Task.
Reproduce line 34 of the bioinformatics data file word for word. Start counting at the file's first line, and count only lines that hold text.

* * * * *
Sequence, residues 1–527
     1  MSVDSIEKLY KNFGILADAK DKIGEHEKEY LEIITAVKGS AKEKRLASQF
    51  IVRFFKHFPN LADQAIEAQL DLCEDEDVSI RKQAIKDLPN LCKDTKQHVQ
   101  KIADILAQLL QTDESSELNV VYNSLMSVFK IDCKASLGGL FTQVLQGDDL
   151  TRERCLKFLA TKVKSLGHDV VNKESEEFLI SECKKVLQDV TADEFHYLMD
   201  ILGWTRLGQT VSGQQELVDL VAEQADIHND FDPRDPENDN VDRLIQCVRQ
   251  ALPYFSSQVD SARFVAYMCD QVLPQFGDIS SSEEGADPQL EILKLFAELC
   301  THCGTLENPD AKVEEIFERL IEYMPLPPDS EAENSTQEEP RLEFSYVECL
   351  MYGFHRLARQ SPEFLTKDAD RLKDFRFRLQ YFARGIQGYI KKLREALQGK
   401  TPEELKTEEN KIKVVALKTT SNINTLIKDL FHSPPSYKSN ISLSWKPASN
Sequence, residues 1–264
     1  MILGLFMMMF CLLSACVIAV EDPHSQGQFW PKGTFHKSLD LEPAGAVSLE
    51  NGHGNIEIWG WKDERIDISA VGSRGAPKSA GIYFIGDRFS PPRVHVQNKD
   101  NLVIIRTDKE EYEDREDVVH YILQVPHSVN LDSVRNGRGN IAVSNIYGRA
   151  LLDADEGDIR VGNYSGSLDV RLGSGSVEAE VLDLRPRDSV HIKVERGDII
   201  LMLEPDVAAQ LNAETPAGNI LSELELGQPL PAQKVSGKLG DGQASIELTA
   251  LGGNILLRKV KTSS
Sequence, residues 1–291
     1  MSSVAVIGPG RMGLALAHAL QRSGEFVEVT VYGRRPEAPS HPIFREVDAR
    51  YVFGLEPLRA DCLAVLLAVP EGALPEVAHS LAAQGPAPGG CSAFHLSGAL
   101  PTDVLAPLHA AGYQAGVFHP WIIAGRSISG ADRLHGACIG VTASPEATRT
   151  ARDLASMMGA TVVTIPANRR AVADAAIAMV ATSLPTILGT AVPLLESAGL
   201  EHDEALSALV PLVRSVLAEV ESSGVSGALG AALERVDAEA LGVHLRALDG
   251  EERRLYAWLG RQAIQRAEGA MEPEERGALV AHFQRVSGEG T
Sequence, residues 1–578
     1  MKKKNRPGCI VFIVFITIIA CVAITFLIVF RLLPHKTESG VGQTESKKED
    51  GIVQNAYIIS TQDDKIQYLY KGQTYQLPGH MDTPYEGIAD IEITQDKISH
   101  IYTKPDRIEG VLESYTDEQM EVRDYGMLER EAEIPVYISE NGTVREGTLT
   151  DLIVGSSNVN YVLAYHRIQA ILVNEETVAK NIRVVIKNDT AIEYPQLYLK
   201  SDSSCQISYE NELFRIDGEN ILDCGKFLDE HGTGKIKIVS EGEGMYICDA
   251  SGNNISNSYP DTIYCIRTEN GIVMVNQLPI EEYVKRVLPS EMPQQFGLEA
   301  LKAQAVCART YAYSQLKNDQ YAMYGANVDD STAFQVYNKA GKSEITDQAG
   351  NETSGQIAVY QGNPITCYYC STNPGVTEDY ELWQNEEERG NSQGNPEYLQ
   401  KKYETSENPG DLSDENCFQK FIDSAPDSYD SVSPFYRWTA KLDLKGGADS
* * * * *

   401  KKYETSENPG DLSDENCFQK FIDSAPDSYD SVSPFYRWTA KLDLKGGADS